Parenting Q & A-Children sleeping alone, When to medicate, Private areas

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By Gregory Ramey, PhD, child psychologist at Dayton Children's and Dayton Daily News columnist

Edition: August 19, 2007 | Topic: Questions from readers

Question

My 8-year-old has never consistently slept in her room by herself. She typically refuses to go to her own bed, or gets up during the night and ends up in our bed.

This doesn't bother me, as I think she needs our emotional comfort and support. However, this is a source of conflict with my husband, as he is increasingly uncomfortable with a child her age routinely being in bed with us. I've tried to tell him that this is quite common in many other cultures, but he still thinks it's wrong. Your thoughts?

Answer

You are correct that in some cultures, including some families in the United States, children routinely sleep in the same bed as their parents. However, you are wrong in thinking that your daughter is doing this because she needs "emotional comfort." This behavior is more likely simply a habit, something she does because you allow it.

The fact that your husband is uncomfortable with this situation is reason enough for you to take action. There's no reason why your daughter cannot learn to sleep in her own bed.

Help your daughter fix up her room so it is attractive, friendly, and reflects her age. Inform her that from now on she will need to sleep in her own bed every night. Tell her that if she gets up in the middle of the night, you will direct her back into her own room.

When she first goes to bed, it would be reasonable for you or your husband to spend some time with her, perhaps reading or talking about the day. If you consistently redirect her back to her bed whenever she tries to enter your room, this problem with go away within two weeks. If you are concerned about other aspects of her behavior or emotional functioning, consult your family doctor for a referral to a mental health therapist who specializes in working with young children.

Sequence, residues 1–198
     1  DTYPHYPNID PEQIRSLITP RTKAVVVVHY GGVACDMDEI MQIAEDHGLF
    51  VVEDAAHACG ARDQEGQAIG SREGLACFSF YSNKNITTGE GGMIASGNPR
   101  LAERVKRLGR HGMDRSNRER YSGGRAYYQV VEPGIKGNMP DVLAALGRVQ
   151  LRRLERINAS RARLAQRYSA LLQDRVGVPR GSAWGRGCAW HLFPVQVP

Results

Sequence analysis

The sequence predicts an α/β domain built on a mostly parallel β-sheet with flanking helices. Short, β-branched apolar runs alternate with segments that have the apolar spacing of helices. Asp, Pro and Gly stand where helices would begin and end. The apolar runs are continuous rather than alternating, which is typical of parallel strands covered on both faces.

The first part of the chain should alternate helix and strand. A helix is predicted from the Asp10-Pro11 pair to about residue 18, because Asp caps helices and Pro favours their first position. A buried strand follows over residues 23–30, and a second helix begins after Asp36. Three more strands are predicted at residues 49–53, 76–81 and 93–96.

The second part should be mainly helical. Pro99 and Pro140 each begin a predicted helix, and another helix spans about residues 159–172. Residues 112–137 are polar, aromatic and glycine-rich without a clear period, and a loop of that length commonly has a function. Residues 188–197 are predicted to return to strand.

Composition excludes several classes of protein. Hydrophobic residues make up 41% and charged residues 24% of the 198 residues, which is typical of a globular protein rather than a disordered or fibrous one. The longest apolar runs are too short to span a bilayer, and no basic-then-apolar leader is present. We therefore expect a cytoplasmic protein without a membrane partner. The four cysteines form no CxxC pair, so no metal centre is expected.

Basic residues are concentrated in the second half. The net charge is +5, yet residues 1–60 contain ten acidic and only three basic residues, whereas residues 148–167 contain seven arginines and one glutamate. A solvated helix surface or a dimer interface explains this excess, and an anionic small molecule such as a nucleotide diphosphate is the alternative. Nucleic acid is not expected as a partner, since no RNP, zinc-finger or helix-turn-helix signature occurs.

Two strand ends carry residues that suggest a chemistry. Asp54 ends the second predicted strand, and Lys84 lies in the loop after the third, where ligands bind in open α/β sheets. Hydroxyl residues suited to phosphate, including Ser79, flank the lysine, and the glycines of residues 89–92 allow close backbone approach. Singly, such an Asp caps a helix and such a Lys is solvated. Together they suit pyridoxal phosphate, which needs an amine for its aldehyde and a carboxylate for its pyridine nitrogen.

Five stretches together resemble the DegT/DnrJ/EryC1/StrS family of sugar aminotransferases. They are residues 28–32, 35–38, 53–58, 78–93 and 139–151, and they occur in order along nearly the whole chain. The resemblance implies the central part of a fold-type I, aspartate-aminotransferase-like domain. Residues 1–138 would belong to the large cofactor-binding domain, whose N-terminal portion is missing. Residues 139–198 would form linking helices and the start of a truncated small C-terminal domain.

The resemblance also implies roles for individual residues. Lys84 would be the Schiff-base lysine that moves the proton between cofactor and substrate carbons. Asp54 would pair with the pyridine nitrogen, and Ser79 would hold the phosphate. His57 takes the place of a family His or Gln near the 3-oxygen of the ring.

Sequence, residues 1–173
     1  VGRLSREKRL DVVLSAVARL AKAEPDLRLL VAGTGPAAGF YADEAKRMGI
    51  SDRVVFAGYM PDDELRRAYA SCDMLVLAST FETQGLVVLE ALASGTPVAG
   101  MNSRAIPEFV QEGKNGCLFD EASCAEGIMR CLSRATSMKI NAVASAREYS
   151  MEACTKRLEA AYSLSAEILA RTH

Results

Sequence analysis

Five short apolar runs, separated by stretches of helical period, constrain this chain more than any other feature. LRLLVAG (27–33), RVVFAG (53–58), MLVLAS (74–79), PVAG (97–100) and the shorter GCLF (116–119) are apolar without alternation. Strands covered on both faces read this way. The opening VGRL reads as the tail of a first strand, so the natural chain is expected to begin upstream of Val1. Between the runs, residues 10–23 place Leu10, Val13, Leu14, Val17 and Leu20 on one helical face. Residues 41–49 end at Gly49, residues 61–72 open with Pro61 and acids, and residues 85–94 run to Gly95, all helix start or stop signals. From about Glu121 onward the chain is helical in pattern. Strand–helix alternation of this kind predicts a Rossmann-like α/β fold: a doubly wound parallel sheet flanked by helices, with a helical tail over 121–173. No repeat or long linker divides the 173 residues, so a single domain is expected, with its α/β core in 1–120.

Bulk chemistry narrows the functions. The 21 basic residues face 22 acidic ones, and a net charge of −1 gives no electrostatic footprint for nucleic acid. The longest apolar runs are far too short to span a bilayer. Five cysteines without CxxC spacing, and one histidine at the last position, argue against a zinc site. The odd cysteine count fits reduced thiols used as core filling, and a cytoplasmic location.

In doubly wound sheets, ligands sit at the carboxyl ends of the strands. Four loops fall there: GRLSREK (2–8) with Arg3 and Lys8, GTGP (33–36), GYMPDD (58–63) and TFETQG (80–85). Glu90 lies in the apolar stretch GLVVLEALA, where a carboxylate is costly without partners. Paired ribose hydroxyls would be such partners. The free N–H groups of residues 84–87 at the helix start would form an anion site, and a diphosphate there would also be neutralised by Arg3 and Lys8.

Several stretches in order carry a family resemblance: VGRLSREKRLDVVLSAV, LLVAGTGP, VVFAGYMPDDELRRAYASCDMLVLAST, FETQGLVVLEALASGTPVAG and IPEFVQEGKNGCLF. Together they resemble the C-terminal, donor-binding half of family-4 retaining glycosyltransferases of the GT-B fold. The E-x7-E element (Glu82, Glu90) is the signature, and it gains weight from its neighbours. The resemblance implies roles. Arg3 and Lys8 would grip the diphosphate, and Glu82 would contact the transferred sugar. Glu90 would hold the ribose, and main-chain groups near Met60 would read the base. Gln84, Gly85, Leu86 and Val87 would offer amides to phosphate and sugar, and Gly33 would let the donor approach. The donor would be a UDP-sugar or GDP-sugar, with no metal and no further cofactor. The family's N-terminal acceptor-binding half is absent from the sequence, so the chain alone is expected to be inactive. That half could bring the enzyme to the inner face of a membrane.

Question

My son has been on Ritalin for about five years. Every summer, my doctor recommends that my son take a "medication vacation" and not take Ritalin. This past summer, his behavior has been absolutely outstanding. He appears more mature, focused, and conscientious. I am wondering if I should restart him on the medicine when he goes back to school in a few weeks, or if we should try him without the medicine and see how he does.

Answer

Since your physician prescribed the medicine, you should consult with your doctor before making any decisions.
As children mature, they learn different ways to deal with their impulsivity, distractibility, and difficulties in concentrating. Many physicians recommend periods without medicine during the academic year to determine if the Ritalin is still necessary. It seems like this would be a good time to see how your son does in school without any medicine.

Question

My 5-year-old son has always been a very normal and well-behaved child. Suddenly, he began rubbing his private area at day care and when he is home. He does this almost constantly throughout the day. I don't want to punish him, but this is very embarrassing and I think rather inappropriate.

Answer

While a young child rubbing himself is not unusual, the fact that it began so suddenly and with such intensity gives me concern. Talk with your family doctor to be sure there is not a medical problem that might be causing your son some discomfort. In addition, you should also talk with him regarding whether there has been any inappropriate touching between himself and others.

In general, professionals suggest three guidelines with respect to children rubbing their private areas. Parents stress that such behavior should only be done in private, when alone, and not excessively. Talk with your child about those guidelines. If this behavior continues in spite of your corrections, you may wish to consult with a mental health professional.


Dr. Ramey Gregory Ramey, PhD, is a child psychologist and vice president for outpatient services at The Children's Medical Center of Dayton. For more of his columns, visit www.childrensdayton.org/ramey and join Dr. Ramey on facebook at http://www.facebook.com/drgregramey

©2010 The Children's Medical Center of Dayton. Columns may be reproduced with the permission of Dayton Children's.


 

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